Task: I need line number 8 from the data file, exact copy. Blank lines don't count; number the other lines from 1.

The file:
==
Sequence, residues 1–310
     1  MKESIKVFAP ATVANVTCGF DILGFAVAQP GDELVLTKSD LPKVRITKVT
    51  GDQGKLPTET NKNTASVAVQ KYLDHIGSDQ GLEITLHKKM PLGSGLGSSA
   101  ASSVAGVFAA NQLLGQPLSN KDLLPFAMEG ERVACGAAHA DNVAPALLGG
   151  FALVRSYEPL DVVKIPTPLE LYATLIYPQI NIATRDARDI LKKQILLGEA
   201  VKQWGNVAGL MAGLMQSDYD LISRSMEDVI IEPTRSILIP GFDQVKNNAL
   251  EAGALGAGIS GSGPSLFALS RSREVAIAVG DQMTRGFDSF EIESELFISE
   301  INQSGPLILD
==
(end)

   301  INQSGPLILD